fbpx Tasmanian Drug Trends 2005: Findings from the Illicit Drug Reporting System (IDRS) | NDARC - National Drug and Alcohol Research Centre

Tasmanian Drug Trends 2005: Findings from the Illicit Drug Reporting System (IDRS)

image - TR Image 280 2 70
Resource Type: Technical Reports

NDARC Technical Report No. 245 (2006)


In 1998, the National Drug and Alcohol Research Centre was commissioned by the Commonwealth Department of Health and Family Services (now the Australian Government Department of Health and Ageing) to begin a national trial of the Illicit Drug Reporting System (IDRS), following previous employment of the methodology in New South Wales, South Australia and Victoria. The intention of the IDRS was to provide a coordinated approach to the monitoring of data associated with the use of heroin, cocaine, methamphetamine and cannabis, in order that this information could act as an early warning indicator of the availability and use of drugs in these categories.

In 1999, the Tasmanian component of the national IDRS gathered information on drug trends using two methods: key expert interviews with professionals working in drug-related fields, and an examination of existing indicators. For the 2000 IDRS, funding was provided by the National Drug Law Enforcement Research Fund to expand this methodology and include a survey of people who regularly inject illicit drugs, in addition to the methods employed previously. This funding and methodology was continued in 2001 and into 2005.

Injecting drug user (IDU) survey
One hundred people that regularly injected illicit drugs (IDU) were interviewed using a standardised interview schedule which contained sections on demographics, drug use, price, purity and availability of drugs, crime, risk-taking, health and general drug trends.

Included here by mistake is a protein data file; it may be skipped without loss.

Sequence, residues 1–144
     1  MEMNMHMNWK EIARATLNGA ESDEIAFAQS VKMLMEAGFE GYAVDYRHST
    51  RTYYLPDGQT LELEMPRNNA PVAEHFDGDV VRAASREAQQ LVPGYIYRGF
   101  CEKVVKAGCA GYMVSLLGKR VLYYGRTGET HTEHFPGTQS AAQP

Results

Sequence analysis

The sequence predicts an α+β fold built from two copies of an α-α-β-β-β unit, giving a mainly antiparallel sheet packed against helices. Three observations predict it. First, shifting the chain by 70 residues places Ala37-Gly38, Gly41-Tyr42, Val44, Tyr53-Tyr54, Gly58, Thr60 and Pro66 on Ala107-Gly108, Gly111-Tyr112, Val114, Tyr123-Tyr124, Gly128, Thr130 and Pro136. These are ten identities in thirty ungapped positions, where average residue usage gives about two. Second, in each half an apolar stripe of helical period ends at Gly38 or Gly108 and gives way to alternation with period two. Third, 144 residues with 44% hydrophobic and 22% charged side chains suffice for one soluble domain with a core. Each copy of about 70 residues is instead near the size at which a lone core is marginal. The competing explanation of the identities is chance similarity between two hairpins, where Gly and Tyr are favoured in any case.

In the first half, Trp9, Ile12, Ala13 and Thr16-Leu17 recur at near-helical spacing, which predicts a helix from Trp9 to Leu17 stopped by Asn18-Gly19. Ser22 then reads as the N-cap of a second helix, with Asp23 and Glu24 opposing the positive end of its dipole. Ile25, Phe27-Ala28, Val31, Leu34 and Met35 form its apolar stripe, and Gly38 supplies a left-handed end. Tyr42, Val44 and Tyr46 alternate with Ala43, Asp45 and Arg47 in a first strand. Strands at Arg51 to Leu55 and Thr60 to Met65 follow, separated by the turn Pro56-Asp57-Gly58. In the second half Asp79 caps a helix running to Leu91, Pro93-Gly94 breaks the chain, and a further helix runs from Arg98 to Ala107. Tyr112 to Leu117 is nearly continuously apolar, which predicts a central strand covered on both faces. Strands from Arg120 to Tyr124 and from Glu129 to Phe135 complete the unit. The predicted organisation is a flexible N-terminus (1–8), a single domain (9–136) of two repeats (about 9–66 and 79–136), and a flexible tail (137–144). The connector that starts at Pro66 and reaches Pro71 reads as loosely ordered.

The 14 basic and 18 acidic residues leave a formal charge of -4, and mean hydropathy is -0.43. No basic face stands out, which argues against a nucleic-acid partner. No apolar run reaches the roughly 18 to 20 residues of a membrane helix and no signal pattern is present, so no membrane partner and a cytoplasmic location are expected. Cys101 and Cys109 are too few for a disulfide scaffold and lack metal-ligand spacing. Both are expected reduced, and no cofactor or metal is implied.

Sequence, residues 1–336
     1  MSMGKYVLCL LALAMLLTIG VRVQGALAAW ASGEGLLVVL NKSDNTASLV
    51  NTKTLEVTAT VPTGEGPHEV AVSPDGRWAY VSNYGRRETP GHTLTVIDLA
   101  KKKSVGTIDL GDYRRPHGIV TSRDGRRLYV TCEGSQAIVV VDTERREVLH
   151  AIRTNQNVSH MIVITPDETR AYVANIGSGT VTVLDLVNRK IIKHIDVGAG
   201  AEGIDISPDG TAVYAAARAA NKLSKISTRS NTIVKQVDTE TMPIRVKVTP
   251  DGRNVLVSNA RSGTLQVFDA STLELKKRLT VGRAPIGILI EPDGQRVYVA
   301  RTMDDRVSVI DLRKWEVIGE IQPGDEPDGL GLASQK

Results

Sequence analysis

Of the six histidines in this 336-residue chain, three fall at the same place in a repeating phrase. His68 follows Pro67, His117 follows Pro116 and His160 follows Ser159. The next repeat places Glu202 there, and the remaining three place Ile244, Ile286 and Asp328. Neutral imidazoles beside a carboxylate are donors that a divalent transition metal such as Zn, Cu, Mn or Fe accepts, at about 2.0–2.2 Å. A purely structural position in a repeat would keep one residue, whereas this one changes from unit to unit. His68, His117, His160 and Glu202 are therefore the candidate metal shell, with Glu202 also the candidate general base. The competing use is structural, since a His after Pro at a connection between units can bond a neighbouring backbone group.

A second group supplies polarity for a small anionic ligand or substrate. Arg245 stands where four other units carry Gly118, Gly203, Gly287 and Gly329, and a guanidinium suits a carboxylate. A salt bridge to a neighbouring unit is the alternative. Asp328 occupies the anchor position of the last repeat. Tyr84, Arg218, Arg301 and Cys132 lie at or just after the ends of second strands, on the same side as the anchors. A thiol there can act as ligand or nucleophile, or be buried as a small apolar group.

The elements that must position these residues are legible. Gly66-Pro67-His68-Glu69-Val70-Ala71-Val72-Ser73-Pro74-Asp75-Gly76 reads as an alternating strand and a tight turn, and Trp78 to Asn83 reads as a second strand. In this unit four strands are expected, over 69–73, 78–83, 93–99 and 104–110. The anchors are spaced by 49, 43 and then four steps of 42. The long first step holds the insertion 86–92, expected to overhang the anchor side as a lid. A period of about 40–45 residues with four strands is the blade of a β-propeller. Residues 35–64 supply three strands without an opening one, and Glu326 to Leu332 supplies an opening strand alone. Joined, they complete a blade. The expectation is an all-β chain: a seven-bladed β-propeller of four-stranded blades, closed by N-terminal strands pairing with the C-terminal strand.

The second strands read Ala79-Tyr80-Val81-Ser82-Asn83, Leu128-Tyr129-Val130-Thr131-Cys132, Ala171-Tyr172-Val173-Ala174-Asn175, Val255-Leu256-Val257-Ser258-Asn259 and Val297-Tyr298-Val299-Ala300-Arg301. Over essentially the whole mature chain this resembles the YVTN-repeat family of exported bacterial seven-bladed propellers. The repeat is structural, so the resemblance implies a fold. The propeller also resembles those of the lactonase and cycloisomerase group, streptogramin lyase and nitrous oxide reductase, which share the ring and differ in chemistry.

Key expert (KE) survey
Thirty-three professionals working with substance-using populations provided information about a range of illicit drug use patterns in clients they had direct contact with. These ‘key experts’ (KE) included Needle Availability Program staff, drug treatment workers, health workers, youth and outreach workers, and staff from police and justice-related fields. Of these individuals, 8 reported on groups that predominantly used opioids (diverted pharmaceuticals), 8 on cannabis, 12 on groups primarily using methamphetamine, and 4 on groups whose substance use varied greatly depending on availability.

Other indicators
In order to complement and validate the key expert interview data, a range of drug use indicator data was sought from both health and law enforcement sectors. Guidelines for the acceptability of these sources aimed to ensure national comparability, and required that the sources were available annually, included 50 or more cases, were collected in the main study site, and included details on the main illicit drug types under study.

Included in this analysis were telephone advisory data, drug offence data, hepatitis C incidence data, data from the National Drug Household Studies, and data from clients of the state’s Needle Availability and Pharmacotherapy programs, as well as drug and alcohol treatment services.